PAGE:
Short bio: Computer Scientist, FOSS supporter (read more)
Tux Machines (TM)-specific
I first heard about Bill Reynolds (AKA "Texstar") when I was using Mandrake Linux 7 (later called "Mandriva") many years ago. Back then, Texstar was putting together updated KDE releases for Mandrake Linux, as Mandrake would only typically update their KDE release once or twice a year.
Wonder how many journalists are waiting for the SOL to fail so they can use the headline "SOL is Shit Out of Luck?" (Not /me/ of course, but I do smell a poll question in there somewhere).
New KDE 4.10.5 is more like Windows than ever. Fresh new warning says "The key sequence 'Del' is ambiguous. Use 'Configure Shortcuts' from the 'Settings' menu to solve the ambiguity. No action will be triggered." Great, after 14 years of using KDE and the Del key to delete unwanted mail, all of a sudden said Del key is ambiguious. What's ambiguious about Del? Del means delete. No means no....
I needed a fresh install on a safe partition today and thought I'd try Korora 19, but alas, I've ended up using Mint 15 KDE (rc). So, far so good...
When Kororaa changed their name to Korora I wondered why? But today I think I've spotted the real reason.
There is functionality in OSX called Airdrop which Linux Desktops could do with as a replacement of the SMB/NFS shared files sharing system. There are some options out with but they are seemingly stale projects which however can provide the functionality which is needed in Linux
asking this very simple question which is the best Operating system in some corners of the Internet, is like throwing a slab of raw meat into a wild animal enclosure and watching as the question gets ripped apart. Its tantamount to asking which religion or political system is the best in the way some will tear strips off others
There’s lots of forums and even 3 or 4 releases in I still hear people talking about how much they dislike Unity, which is a shame because it’s turning into quite a nice Gui from where i’m sitting, however one thing Linux has is choice. If nothing else there are other solid, stable distributions out there which offer a user a good solid alternative. Once such example is maybe OpenSUSE.
I found this article on the osxdaily website, the article refers to running nettop on OSX however it’s a *nix command so will also be in the package repository (if not preinstalled) on your favorite distro. I’ve tested all of the command options on Sabayon and they work fine..
I’m really starting to appreciate the benifits of dual factor authentication across the board, so this Howtoforge article is of interest to anyone who wants to secure SSH access on thier Linux systems. I previously posted about using your mobile phone as the something you have bit, well this is another method.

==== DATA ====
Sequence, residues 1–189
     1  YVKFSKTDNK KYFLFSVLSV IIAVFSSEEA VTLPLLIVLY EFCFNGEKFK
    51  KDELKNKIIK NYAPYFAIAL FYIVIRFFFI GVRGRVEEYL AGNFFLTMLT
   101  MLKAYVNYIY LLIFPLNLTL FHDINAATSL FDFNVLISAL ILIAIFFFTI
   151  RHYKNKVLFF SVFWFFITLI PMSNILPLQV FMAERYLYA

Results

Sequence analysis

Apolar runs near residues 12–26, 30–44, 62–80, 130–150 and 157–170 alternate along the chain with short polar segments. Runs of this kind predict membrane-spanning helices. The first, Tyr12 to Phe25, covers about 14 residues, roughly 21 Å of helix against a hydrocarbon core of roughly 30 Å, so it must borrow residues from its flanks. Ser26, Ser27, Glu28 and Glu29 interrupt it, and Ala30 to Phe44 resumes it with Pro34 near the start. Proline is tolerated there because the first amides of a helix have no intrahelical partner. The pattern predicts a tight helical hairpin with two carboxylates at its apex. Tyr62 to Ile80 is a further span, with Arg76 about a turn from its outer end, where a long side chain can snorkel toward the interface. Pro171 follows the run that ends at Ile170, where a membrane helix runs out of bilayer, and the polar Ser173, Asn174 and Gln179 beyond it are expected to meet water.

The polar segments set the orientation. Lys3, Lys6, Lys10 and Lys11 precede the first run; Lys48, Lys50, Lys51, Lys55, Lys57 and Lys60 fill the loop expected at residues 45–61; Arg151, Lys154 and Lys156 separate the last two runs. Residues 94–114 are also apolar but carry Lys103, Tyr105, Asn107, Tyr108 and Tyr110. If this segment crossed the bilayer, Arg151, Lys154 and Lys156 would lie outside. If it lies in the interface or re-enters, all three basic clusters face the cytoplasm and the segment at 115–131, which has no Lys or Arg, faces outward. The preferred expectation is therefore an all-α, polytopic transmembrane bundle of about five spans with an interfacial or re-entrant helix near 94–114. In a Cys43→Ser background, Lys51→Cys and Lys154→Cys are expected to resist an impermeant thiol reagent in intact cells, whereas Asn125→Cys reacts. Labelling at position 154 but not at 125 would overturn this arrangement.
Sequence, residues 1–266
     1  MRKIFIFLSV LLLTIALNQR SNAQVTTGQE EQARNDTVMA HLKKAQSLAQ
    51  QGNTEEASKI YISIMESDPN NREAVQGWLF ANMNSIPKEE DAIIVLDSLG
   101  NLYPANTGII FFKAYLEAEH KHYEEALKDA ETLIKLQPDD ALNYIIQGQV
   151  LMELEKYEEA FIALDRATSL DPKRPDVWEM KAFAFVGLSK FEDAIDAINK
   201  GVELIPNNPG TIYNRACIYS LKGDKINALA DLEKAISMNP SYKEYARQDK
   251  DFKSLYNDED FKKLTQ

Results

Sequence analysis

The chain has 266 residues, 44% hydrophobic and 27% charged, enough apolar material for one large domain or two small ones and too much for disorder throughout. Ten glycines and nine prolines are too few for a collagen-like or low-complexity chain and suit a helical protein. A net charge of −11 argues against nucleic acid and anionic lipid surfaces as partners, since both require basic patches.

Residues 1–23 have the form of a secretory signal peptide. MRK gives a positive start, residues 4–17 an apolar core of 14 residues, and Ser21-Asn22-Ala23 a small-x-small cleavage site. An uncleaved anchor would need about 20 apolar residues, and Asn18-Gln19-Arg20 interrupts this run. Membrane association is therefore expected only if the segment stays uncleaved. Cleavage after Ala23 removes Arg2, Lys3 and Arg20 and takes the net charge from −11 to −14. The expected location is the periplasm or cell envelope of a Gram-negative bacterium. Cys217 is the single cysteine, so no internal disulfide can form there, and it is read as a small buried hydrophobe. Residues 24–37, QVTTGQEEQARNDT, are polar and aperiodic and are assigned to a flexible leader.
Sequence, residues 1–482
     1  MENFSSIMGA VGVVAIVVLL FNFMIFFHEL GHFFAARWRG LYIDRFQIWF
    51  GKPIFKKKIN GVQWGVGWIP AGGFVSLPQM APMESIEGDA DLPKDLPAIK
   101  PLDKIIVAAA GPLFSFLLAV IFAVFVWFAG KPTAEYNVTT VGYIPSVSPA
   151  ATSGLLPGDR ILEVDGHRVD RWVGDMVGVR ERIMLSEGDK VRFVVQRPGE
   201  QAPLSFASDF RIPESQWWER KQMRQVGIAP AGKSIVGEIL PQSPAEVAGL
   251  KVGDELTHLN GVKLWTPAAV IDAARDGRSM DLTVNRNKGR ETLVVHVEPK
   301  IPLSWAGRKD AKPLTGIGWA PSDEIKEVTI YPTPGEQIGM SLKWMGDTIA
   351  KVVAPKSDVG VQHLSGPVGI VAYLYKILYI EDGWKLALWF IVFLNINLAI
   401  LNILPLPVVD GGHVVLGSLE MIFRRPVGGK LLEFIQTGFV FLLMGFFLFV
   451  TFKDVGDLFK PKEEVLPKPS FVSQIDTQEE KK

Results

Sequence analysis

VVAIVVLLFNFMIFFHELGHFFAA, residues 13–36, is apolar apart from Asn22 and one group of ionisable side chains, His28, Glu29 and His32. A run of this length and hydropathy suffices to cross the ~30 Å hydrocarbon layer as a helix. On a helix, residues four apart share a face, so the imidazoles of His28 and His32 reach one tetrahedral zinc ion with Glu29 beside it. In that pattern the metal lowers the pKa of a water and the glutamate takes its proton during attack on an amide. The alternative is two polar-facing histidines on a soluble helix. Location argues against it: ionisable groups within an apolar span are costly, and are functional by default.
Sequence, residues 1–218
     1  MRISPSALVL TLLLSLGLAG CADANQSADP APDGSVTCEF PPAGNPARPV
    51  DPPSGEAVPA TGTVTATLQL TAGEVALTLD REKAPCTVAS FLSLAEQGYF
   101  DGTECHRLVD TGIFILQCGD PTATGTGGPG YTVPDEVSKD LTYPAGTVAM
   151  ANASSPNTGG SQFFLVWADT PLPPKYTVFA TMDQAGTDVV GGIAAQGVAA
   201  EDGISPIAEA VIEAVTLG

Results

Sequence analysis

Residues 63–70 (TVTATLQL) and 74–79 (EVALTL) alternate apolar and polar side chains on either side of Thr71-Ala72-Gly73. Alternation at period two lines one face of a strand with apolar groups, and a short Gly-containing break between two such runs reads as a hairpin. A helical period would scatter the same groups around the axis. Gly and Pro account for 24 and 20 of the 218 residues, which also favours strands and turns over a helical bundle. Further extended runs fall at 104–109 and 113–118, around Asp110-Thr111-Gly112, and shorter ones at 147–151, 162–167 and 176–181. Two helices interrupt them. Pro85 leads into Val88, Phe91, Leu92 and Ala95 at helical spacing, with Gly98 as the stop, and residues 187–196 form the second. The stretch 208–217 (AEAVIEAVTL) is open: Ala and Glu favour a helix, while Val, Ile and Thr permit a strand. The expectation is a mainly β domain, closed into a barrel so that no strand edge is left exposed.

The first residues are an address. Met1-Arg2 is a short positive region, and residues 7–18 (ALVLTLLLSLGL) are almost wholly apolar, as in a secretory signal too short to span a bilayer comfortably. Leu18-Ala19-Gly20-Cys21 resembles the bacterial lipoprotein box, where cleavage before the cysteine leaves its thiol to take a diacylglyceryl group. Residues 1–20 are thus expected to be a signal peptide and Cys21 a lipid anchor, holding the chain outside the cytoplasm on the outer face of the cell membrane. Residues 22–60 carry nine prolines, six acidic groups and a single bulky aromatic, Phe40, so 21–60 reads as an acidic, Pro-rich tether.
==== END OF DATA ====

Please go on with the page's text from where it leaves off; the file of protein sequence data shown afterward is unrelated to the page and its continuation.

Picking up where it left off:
While you may have your Ubuntu install locked down with Full disk encryption incase you loose the laptop, UFW locking down the network with a firewall, there is no point if you have a poor password. Dual factor authentication using One Time Passwords may be an option for you, if they are this great howtoforge article might point you in the right direction.
I've been playing Half-Life recently, something to which I've looked forward for quite some time. I did get it playing under Wine years ago, but I thought I only got a little ways. I'm stuck In the Rails right now, but I remember this level.
I’ve had a need to get a local squid proxy to perform local filtering based on AD Security groups because it’s not something websense can do. I found this wonderful howtofoge guide online and Used it to setup the base system. This howto is a work in progress as the next stage is to get it working with DansGuardian or SquidGuard.
Client Internet Explorer Browsers need to have “Enable Integrated Windows Authentication” ticked in Internet Options :: Advanced settings as well as Proxy Auto detection enabled – google these if not sure. All modern web browsers will support proxy auto detection. Firefox and Chrome also support Windows Authentication.
A couple of weeks ago I wrote a post on using a Chromebook to develop on a cloud platform. Its based on a Digital Ocean remote server and like most people who wish to attach to the command line interface on a remote server I use SSH. It’s an encrypted connection over the network/internet from end to end. However being a cloud server I was wondering if it was possible to secure this a little bit more?
A chat with a friend on the way into work provided me with a solution.
The solution is Two Factor authentication a system beased on a simple premise, something you know (the SSH password in this case) and something you have (your mobile phone in this case, but it could be a secure token) which will deliver a random number.
Most of the guides you will see using this utility mine included cover how to get Ubuntu 12.04 the LTS version working, however there is also scope within the command line to get the latest and greatest up and running. specifically the -r switch. Issuing the following command will provide you with a bare bones Ubuntu 13.04 install